“Selma is a reckoning. The right to vote ... to have your vote counted is the threshold of democracy and liberty. With it anything's possible,” Biden told a crowd of more than 1,000 people seated on one side of the historic Edmund Pettus Bridge, named for a reputed Ku Klux Klan leader.
"This fundamental right remains under assault. The conservative Supreme Court has gutted the Voting Rights Act over the years. Since the 2020 election, a wave of states and dozens and dozens of anti-voting laws fueled by the ‘Big Lie' and the election deniers now elected to office," he said.
As a candidate in 2020, Biden promised to pursue sweeping legislation to bolster protection of voting rights. Two years ago, his 2021 legislation, named after civil right leader John Lewis, the late Georgia congressman, included provisions to restrict partisan gerrymandering of congressional districts, strike down hurdles to voting and bring transparency to a campaign finance system that allows wealthy donors to bankroll political causes anonymously.
It passed the then-Democratic-controlled House, but it failed to draw the 60 votes needed to advance in the Senate even under control of Biden's party. With Republicans now in control of the House, passage of such legislation is highly unlikely.
“We know we must get the votes in Congress,” Biden said, but there seems no viable path right now.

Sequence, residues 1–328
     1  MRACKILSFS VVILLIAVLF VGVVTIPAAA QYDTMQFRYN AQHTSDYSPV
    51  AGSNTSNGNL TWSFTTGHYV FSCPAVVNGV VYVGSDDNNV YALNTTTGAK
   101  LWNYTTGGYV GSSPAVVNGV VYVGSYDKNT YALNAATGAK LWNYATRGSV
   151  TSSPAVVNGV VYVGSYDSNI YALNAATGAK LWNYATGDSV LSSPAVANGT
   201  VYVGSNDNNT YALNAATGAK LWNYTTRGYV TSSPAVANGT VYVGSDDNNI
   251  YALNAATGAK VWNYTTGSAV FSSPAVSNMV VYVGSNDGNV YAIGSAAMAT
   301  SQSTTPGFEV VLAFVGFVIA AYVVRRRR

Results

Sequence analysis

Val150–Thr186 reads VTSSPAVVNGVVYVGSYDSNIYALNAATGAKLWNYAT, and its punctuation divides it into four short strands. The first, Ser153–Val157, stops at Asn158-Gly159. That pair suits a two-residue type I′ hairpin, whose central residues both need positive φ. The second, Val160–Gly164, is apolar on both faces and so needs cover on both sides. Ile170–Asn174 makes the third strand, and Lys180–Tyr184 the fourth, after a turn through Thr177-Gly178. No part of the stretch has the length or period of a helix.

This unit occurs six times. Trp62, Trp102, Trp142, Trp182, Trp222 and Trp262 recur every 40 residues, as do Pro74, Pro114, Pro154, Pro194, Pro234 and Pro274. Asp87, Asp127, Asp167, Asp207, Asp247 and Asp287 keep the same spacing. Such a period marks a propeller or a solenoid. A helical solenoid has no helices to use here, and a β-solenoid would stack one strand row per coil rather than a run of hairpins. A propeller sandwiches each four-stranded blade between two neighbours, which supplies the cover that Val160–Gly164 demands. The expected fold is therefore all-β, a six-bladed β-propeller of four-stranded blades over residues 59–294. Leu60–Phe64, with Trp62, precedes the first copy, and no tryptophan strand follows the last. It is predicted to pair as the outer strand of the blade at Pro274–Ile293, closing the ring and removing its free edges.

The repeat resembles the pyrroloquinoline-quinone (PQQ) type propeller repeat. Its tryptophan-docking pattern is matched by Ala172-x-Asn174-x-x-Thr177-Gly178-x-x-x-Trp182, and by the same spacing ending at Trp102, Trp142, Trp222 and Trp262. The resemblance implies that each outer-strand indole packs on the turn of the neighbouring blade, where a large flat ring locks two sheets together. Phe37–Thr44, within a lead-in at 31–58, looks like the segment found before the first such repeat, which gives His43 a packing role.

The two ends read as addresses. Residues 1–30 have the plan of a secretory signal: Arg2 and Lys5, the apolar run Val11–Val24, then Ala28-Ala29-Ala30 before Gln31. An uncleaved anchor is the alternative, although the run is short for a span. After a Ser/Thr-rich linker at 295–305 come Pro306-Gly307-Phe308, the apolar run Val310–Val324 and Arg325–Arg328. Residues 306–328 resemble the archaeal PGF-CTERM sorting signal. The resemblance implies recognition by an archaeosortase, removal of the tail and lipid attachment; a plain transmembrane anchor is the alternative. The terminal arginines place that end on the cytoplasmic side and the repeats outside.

The visit to Selma was a chance for Biden to speak directly to the current generation of civil rights activists. Many feel let down because of the lack of progress on voting rights and they are eager to see his administration keep the issue in the spotlight.
Few moments have had as lasting importance to the civil rights movement as what happened on March 7, 1965, in Selma and in the weeks that followed.
Some 600 peaceful demonstrators led by Lewis and fellow activist Hosea Williams gathered that day, just weeks after the fatal shooting of a young Black man, Jimmie Lee Jackson, by an Alabama trooper.
Lewis and the others were brutally beaten by Alabama troopers and sheriff’s deputies as they tried to cross the Edmund Pettus Bridge at the start of what was supposed to be a 54-mile walk to the state Capitol in Montgomery as part of a larger effort to register Black voters in the South.
“On this bridge, blood was given to help redeem the soul of America,” Biden said.
The images of the police violence sparked outrage across the country. Days later, civil rights leader Martin Luther King Jr. led what became known as the “Turnaround Tuesday” march, in which marchers approached a wall of police at the bridge and prayed before turning back.